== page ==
Astronomy Picture Of the Day (APOD)Sonified: Eagle Nebula Pillars
Yes, but have you ever experienced the Eagle Nebula with your ears ? The famous nebula, M16, is best known for the feast it gives your eyes, highlighting bright young stars forming deep inside dark towering structures.
GW Orionis: A Star System with Titled Rings
Triple star system GW Orionis appears to demonstrate that planets can form and orbit in multiple planes. In contrast, all the planets and moons in our Solar System orbit in nearly the same plane. The picturesque system has three prominent stars, a warped disk, and inner tilted rings of gas and grit.
Filaments of the Cygnus Loop
What lies at the edge of an expanding supernova? Subtle and delicate in appearance, these ribbons of shocked interstellar gas are part of a blast wave at the expanding edge of a violent stellar explosion that would have been easily visible to humans during the late stone age, about 20,000 years ago.
Lightning over Colorado
Have you ever watched a lightning storm in awe? Join the crowd. Oddly, details about how lightning is produced remains a topic of research. What is known is that updrafts carry light ice crystals into collisions with larger and softer ice balls, causing the smaller crystals to become positively charged.
Moon Pairs and the Synodic Month
Observe the Moon each night and its visible sunlit portion will gradually change. In phases progressing from New Moon to Full Moon to New Moon again, a lunar cycle or synodic month is completed in about 29.5 days.
Moon over Andromeda
The Great Spiral Galaxy in Andromeda (also known as M31), a mere 2.5 million light-years distant, is the closest large spiral to our own Milky Way. Andromeda is visible to the unaided...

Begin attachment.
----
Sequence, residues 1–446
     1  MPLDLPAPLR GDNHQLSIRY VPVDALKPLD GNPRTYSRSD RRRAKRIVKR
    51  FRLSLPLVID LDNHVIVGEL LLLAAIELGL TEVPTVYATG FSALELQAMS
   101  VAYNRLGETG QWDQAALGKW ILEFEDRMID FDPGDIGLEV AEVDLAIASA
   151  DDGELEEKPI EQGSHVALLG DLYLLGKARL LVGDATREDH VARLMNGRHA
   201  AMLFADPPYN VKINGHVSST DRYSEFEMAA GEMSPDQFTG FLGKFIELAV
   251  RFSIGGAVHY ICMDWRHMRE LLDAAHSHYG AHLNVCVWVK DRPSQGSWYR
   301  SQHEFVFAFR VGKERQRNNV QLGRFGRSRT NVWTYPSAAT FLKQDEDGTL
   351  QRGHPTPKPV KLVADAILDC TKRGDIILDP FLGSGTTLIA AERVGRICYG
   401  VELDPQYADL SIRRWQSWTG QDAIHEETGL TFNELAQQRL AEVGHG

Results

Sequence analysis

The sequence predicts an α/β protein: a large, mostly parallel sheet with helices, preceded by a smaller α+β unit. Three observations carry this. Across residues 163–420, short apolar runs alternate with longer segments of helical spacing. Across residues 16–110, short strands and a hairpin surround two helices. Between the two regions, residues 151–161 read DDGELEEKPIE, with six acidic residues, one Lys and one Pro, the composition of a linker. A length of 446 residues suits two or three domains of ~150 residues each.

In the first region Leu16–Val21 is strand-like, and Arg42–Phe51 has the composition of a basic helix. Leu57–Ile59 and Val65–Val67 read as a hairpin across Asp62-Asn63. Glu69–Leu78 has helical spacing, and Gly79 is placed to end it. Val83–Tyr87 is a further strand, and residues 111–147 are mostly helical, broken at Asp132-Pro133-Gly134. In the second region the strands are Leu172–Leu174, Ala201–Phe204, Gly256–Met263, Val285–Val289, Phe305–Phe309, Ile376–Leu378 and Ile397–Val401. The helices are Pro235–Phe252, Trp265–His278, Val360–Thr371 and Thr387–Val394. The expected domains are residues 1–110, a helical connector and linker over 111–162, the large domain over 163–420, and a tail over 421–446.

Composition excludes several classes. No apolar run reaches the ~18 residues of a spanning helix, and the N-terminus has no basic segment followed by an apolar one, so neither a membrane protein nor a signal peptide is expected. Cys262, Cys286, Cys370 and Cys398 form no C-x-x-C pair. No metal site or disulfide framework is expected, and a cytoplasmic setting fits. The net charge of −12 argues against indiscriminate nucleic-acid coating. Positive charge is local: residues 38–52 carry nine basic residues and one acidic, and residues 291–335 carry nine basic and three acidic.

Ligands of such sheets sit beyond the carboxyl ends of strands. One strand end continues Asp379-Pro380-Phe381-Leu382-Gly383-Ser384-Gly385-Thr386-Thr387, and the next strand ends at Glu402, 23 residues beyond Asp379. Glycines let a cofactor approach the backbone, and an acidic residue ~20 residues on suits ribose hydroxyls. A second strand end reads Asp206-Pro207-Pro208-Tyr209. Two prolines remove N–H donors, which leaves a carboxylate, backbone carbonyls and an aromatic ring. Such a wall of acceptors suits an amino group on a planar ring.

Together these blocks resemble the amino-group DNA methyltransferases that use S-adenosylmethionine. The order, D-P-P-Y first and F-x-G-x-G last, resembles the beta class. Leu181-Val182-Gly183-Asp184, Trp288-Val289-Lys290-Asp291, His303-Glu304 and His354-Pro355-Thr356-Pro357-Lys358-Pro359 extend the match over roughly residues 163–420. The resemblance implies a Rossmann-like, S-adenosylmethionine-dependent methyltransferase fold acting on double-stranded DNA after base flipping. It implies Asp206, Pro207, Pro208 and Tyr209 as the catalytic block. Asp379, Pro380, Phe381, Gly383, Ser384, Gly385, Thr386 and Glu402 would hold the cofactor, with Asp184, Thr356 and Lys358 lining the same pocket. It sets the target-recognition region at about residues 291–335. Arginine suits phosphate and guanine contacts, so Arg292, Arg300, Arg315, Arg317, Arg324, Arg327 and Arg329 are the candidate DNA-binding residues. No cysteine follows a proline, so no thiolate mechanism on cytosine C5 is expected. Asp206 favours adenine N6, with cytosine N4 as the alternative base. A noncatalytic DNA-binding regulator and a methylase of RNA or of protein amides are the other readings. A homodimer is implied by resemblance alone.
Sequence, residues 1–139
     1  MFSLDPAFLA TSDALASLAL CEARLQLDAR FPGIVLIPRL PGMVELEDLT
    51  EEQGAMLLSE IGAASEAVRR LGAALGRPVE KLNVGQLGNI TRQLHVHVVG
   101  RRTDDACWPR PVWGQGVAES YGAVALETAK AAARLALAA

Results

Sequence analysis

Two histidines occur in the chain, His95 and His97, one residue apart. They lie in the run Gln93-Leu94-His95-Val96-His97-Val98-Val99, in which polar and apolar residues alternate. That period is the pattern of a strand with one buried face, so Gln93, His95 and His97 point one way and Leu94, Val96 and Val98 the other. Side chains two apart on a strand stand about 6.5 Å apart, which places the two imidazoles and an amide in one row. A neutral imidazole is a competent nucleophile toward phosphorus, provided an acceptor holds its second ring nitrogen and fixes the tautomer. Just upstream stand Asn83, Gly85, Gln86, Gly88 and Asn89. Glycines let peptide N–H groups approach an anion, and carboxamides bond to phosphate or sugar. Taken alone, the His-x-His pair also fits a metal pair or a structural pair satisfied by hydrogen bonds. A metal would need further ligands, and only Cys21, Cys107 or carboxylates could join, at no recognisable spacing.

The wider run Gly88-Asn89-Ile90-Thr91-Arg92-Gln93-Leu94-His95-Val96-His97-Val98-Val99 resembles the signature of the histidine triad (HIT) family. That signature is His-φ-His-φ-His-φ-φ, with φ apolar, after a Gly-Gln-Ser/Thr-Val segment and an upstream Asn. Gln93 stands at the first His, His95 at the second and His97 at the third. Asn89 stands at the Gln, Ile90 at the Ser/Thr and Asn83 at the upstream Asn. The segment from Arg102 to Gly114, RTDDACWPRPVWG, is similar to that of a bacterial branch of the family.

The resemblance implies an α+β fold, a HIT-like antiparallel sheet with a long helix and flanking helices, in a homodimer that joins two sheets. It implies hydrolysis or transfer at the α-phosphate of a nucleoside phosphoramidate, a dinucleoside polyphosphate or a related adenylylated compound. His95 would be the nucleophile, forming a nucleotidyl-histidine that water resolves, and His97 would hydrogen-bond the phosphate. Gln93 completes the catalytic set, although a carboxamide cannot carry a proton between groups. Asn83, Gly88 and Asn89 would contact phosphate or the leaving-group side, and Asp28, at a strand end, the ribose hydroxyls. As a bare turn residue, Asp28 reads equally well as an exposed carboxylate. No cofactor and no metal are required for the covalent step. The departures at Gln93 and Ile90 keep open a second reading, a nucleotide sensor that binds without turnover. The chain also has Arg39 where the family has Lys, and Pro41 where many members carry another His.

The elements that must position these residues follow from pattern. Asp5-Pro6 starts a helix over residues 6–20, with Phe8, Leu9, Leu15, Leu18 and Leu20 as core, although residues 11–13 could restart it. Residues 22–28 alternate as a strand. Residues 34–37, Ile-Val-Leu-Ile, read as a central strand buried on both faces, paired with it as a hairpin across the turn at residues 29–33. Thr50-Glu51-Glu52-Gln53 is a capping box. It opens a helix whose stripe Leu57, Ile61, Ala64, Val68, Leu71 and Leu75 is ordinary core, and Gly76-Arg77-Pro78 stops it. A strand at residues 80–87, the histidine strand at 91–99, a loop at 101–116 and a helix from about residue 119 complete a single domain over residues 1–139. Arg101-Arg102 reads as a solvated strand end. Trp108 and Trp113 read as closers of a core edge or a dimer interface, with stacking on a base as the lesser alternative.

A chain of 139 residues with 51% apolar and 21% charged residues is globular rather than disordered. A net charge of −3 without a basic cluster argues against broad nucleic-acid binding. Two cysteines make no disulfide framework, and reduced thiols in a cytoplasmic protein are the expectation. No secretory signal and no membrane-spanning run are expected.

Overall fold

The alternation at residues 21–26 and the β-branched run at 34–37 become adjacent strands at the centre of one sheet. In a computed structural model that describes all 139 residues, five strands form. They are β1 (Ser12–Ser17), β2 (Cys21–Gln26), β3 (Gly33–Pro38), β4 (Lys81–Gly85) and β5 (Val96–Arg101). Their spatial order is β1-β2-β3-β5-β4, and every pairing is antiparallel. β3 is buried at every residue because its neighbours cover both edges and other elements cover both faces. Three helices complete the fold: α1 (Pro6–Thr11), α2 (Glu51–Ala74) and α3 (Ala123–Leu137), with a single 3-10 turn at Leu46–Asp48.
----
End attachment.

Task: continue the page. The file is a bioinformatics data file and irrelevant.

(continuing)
Enceladus in Infrared
One of our Solar System's most tantalizing worlds, icy Saturnian moon Enceladus appears in these detailed hemisphere views from the Cassini spacecraft. In false color, the five panels present 13 years of infrared image data from Cassini's Visual and Infrared Mapping Spectrometer and Imaging Science Subsystem.
ISS Transits Mars
Yes, but have you ever seen the space station do this? If you know when and where to look, watching the bright International Space Station (ISS) drift across your night sky is a fascinating sight -- but not very unusual.
Equinox in the Sky
Does the Sun set in the same direction every day? No, the direction of sunset depends on the time of the year. Although the Sun always sets approximately toward the west, on an equinox like today the Sun sets directly toward the west.
Capturing this sunrise required both luck and timing. First and foremost, precise timing was needed to capture a sailboat crossing right in front of a rising Sun. Additionally, by a lucky coincidence, the background Sun itself appears unusual -- it looks like the Greek letter Omega (н).